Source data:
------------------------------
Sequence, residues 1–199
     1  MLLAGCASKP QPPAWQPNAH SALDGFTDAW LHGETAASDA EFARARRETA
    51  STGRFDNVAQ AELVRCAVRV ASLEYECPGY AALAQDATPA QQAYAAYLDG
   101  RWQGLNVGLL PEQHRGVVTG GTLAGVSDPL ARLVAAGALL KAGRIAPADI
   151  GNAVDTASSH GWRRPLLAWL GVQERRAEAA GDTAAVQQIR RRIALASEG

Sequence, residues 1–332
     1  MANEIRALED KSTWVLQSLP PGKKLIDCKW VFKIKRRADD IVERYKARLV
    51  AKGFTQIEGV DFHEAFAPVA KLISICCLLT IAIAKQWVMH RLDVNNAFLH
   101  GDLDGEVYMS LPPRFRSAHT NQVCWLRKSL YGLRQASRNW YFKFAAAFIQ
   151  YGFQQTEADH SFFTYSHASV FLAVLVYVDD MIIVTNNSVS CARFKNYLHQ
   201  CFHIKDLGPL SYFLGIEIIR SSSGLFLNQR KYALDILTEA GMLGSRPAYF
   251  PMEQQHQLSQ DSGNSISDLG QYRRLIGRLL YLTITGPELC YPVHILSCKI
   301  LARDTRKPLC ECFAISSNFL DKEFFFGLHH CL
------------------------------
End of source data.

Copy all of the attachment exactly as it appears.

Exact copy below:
Sequence, residues 1–199
     1  MLLAGCASKP QPPAWQPNAH SALDGFTDAW LHGETAASDA EFARARRETA
    51  STGRFDNVAQ AELVRCAVRV ASLEYECPGY AALAQDATPA QQAYAAYLDG
   101  RWQGLNVGLL PEQHRGVVTG GTLAGVSDPL ARLVAAGALL KAGRIAPADI
   151  GNAVDTASSH GWRRPLLAWL GVQERRAEAA GDTAAVQQIR RRIALASEG

Sequence, residues 1–332
     1  MANEIRALED KSTWVLQSLP PGKKLIDCKW VFKIKRRADD IVERYKARLV
    51  AKGFTQIEGV DFHEAFAPVA KLISICCLLT IAIAKQWVMH RLDVNNAFLH
   101  GDLDGEVYMS LPPRFRSAHT NQVCWLRKSL YGLRQASRNW YFKFAAAFIQ
   151  YGFQQTEADH SFFTYSHASV FLAVLVYVDD MIIVTNNSVS CARFKNYLHQ
   201  CFHIKDLGPL SYFLGIEIIR SSSGLFLNQR KYALDILTEA GMLGSRPAYF
   251  PMEQQHQLSQ DSGNSISDLG QYRRLIGRLL YLTITGPELC YPVHILSCKI
   301  LARDTRKPLC ECFAISSNFL DKEFFFGLHH CL